Stop Treating Concept Art Like Deleted Scenes

The internet has entirely changed the ways in which fans learn about their favorite movies and TV shows, as the cast and crew of such projects often take to social media to share unique insight into the process of bringing a story to life that weren't as widely spread decades ago. Part of this process also means that concept art for projects make their way online, oftentimes shared by the artists responsible for the pieces themselves, igniting pangs of remorse in some audiences about these sequences never making it into the final product. Despite how ambitious these pieces of art might be or the compelling story beats they depict, some fans have conflated the existence of these images to mean that concept art contains scrapped scenes that nearly made it into the movie, resulting in passionate demands for these sequences to be revived. In actuality, concept art rarely conveys ideas that even make it into a project's script, let alone an idea that was filmed in any capacity.

As the term implies, concept art is merely crafted to help visualize characters, locations, and environments a film could explore, or even potential narrative reveals. While storyboards or pre-visualization animatics are developed further along into the filmmaking process and involve direct input from a director, depending on the nature of a project, concept art could be crafted based purely on loose outlines of potential plot points that a film or TV show might explore.

Sadly, the detachment between fandom and the realities of the filmmaking process causes confusion among audiences, with the Star Wars community being one of the groups that have bemoaned the omission of sequences seen in concept art not making their way into a finished product. Dating back to the origins of the franchise, filmmaker George Lucas famously tapped artist Ralph McQuarrie to develop images that would help convey his ambitions to studio executives more effectively than words could. Given the nature of this collaborative process, those images are almost identical to scenes witnessed in the finished films, with the designs of the characters being the biggest deviations from McQuarrie's concept art to the final product.

Following Disney's purchase of Lucasfilm and the development of a sequel trilogy of films, the studio tapped a number of different artists to help conjure up images that would reflect potential story elements that could be depicted in the films. While this resulted in countless captivating images, the drawback is that some fans have been left confused about the development of Star Wars: The Rise of Skywalker, with some fans believing the final product deviated to strongly from its original plan that they have been demanding to see a "J.J. Abrams Cut" of the film. In the wake of the film's release, members of the filmmaking team have shared pieces of concept art depicting things like Rey encountering Tusken Raiders at Luke Skywalker's former home and even more grisly depictions of the hero embracing her darker nature. These images, among many others, have made critics of the film passionate about seeing the release of its deleted scenes, which are absent on its home video release, regardless of whether any of the scenes from concept art ever becoming even close to a reality.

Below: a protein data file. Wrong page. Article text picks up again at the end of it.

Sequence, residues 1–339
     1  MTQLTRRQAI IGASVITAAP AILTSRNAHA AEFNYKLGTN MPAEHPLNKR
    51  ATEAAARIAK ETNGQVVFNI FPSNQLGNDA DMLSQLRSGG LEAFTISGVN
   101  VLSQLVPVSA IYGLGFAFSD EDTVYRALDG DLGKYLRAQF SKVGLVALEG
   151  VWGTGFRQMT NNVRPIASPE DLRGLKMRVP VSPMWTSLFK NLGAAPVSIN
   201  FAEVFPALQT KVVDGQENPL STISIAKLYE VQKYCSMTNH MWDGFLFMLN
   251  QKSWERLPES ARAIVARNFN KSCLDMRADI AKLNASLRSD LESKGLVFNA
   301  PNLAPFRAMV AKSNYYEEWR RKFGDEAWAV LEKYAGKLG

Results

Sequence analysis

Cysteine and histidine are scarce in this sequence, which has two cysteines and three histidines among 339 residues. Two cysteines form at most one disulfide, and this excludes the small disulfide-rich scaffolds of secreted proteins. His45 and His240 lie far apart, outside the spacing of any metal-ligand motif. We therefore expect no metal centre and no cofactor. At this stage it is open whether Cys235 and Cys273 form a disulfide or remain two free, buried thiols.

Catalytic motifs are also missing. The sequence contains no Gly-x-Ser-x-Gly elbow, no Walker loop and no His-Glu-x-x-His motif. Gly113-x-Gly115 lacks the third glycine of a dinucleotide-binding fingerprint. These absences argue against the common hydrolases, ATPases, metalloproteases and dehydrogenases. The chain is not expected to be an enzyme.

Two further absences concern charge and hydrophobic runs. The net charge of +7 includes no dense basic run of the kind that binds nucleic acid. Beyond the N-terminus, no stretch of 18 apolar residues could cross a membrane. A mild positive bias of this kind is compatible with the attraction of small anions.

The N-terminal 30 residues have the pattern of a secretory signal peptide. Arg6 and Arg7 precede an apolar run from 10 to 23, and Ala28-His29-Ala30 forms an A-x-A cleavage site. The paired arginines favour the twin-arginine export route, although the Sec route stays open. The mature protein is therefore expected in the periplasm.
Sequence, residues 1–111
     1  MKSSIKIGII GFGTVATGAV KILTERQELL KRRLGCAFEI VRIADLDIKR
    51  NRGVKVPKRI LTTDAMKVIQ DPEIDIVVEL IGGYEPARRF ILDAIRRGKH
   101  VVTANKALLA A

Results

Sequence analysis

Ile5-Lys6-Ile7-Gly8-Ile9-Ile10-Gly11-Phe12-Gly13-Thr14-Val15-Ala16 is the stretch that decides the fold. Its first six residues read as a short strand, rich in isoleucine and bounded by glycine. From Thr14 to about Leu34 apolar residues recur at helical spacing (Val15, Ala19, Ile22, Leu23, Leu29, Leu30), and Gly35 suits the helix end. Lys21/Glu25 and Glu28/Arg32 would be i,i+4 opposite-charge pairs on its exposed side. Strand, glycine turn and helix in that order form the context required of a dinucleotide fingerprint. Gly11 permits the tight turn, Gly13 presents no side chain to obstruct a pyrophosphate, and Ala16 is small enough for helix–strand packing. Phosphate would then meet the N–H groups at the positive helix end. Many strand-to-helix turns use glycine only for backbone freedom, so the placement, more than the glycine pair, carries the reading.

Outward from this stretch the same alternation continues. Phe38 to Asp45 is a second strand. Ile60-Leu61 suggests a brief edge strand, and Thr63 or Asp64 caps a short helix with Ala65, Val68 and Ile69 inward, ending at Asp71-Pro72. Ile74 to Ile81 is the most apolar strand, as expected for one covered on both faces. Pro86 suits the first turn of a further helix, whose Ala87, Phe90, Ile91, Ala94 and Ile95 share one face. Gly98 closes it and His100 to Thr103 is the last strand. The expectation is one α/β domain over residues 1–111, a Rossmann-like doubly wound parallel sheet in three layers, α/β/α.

Additionally, former Episode IX director Colin Trevorrow confirmed that leaked concept art conveyed some of the story beats he would have explored in his film, resulting in confusion from fans about how far into the development process he was before parting ways with the studio. The issue here is that, with those specific images aligning with his plans, viewers began to assume any concept art was something a filmmaker intended to shoot, as opposed to merely being a possible avenue they could have explored if they so desired.

Similarly, filmmaker Zack Snyder famously parted ways with Justice League before principal photography had been completed, having spent the last few years teasing his fans with pieces of concept art depicting moments he intended to shoot, adding even more gravitas to those concepts and further blurring the distinction between storytelling potential and storytelling intentions. Having shared not only concept art but also storyboards and outtakes from scenes he actually filmed, fans have been attempting to determine whether images he has shared were notions he toyed with or if they were scenes deleted from the film, with every teases he releases calling into question how close we came to seeing such sequences in the finished film.

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Lucasfilm's Phil Szostak, author of various The Art of Star Wars books, shared an informative thread about the nature of concept art on Twitter back in 2018 that sheds light on the issue. In short, Szostak clarifies, "Concept artists are given a lot more latitude to pitch their own ideas than most folks seem to realize," while also pointing out, "The most 'blue-sky' period of concept art creation, when production designers encourage the artists to pitch ideas, tends to be early, while the script is still being written. For every one of those ideas that makes it into the film, there are dozens that don’t."

For many fans, these details don't need to be cleared up, as "concept art" makes it clear that these images are nothing more than a concept considered by someone at some point and they don't reflect anything more "official" than what appears in a film. Unfortunately, the fans who decry a finished film for not embracing concept art that makes its way online need to accept that a majority of concept art is about as "official" as any image crafted by any fan, no matter how talented or well-connected to a studio, and embrace those images as being as close to a reality as any storytelling possibility we come up with in our own heads.

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